SANYA, China, Jan 26 (Reuters) – China’s lifting of travel restrictions this month is expected to revive demand in the global luxury retail market, but many consumers are finding more reason to do their high-end shopping locally on the duty-free island. Hainan.
On Wednesday, thousands of travelers in Hainan’s Sanya city thronged CDF Mall, a shopping center dedicated to duty-free stores, where they stocked up on cosmetics and handbags during the Lunar New Year holiday.
“England is so far away, it’s hard to buy a ticket,” said student Yu Shunxiao, who said she was shopping at Harrods in London. “In Sanya, you can come and go whenever you want.”
In early January, following a nationwide easing of Covid-19 containment policies, Beijing ended a long-standing requirement that all incoming travelers be quarantined in a hotel immediately upon arrival.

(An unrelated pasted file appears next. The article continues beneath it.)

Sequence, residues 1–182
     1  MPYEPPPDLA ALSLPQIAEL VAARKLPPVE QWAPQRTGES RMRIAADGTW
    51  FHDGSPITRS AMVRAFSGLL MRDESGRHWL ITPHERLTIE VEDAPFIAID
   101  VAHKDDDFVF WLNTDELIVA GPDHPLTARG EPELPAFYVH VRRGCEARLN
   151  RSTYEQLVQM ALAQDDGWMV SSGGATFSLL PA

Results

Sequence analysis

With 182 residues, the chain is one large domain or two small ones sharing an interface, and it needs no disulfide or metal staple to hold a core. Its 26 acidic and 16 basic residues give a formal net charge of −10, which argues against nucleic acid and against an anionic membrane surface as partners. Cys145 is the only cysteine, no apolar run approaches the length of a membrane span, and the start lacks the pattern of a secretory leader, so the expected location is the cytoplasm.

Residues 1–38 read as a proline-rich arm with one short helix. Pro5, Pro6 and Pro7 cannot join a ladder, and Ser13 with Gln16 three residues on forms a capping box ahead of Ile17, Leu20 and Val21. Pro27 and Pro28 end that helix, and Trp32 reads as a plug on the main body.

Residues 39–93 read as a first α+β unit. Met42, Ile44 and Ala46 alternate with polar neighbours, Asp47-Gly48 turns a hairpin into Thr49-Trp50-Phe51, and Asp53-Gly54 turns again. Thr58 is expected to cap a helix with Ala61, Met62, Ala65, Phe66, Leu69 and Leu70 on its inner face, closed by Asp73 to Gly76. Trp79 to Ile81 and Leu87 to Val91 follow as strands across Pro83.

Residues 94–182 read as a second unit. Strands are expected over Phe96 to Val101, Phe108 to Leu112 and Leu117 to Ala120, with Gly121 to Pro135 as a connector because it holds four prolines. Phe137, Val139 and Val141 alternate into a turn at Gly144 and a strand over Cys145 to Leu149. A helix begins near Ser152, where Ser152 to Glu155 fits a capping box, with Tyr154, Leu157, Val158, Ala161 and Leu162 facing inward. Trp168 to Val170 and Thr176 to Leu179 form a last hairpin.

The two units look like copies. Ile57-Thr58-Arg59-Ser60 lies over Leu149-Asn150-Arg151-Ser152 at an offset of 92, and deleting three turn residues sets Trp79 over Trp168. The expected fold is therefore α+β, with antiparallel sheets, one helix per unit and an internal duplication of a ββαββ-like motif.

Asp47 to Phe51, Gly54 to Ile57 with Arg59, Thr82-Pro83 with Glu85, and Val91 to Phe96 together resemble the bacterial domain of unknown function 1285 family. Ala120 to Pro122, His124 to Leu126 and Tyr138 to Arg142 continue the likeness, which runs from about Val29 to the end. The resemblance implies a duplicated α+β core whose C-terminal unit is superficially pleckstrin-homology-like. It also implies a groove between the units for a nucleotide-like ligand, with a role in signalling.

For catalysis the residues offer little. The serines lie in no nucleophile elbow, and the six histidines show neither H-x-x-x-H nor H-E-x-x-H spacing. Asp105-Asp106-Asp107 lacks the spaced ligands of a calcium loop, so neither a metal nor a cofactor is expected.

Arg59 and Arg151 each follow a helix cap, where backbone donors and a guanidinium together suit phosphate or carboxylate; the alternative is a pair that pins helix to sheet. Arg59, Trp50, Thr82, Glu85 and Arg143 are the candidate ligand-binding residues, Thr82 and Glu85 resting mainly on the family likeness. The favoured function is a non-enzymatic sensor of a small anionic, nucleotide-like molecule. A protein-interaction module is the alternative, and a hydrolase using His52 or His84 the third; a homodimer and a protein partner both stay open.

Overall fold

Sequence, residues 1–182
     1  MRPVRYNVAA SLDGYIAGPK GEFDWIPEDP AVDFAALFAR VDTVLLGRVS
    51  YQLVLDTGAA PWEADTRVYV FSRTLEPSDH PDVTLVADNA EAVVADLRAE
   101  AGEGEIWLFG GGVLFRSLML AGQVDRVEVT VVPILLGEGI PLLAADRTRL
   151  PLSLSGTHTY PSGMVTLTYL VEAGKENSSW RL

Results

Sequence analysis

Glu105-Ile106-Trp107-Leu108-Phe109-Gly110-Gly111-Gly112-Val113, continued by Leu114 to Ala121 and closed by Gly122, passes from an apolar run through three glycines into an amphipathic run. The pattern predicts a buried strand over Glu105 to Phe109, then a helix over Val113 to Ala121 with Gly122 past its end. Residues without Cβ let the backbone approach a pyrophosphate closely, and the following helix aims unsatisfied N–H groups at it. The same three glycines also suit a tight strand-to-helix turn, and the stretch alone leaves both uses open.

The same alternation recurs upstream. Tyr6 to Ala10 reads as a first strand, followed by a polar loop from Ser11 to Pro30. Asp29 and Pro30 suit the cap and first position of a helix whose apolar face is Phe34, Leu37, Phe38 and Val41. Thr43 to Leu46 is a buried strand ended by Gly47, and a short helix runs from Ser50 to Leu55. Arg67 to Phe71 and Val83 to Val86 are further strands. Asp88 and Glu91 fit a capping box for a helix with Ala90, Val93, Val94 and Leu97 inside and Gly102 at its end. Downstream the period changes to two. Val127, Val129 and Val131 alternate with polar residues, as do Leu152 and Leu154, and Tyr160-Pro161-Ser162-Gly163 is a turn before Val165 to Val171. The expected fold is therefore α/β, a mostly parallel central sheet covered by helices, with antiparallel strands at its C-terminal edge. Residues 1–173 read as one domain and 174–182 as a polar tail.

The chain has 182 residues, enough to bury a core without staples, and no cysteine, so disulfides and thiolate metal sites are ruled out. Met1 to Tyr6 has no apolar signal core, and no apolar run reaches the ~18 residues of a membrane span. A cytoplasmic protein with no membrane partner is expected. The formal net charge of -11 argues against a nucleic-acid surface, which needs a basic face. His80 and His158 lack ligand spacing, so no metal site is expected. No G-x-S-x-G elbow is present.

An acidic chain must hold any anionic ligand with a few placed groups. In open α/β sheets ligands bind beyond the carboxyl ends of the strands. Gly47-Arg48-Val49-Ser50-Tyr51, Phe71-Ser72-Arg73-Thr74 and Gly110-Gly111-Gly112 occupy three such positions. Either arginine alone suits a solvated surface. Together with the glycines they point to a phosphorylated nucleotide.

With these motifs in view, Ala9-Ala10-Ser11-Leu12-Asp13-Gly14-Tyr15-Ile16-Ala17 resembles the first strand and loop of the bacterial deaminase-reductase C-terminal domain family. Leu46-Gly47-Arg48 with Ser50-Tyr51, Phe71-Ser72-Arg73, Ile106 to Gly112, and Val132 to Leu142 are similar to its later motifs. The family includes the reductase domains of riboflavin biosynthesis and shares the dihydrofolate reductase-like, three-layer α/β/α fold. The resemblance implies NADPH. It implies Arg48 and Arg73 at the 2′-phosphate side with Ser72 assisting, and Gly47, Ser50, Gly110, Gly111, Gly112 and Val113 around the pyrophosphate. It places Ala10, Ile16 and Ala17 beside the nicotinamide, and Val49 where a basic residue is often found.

As a result, Chinese people sought to go abroad. On Trip.com, a popular ticket booking site, international flight ticket purchases increased 200% the day after the policy change was announced.
Luxury brands and retailers are hoping a tourism boom out of China will bring strong sales in 2023, as the post-pandemic frenzy in the US and Europe eases. read more
Despite this, some experts argue that part of China’s luxury spending remains within the country’s borders, even though consumers can now travel freely.
Jonathan Yan at consultancy Roland Berger in Shanghai told Reuters that since the three-year border closure, Chinese shoppers have become more accustomed to buying foreign luxury goods in China.
“A portion (of luxury shoppers) will return to their original pre-Covid overseas consumption,” Yan said. “But I think the local (luxury market) will be important for most brands.”
Reporting by Alessandro Divigiano in Sanya, Josh Horwitz in Shanghai; Editing by Raju Gopalakrishnan
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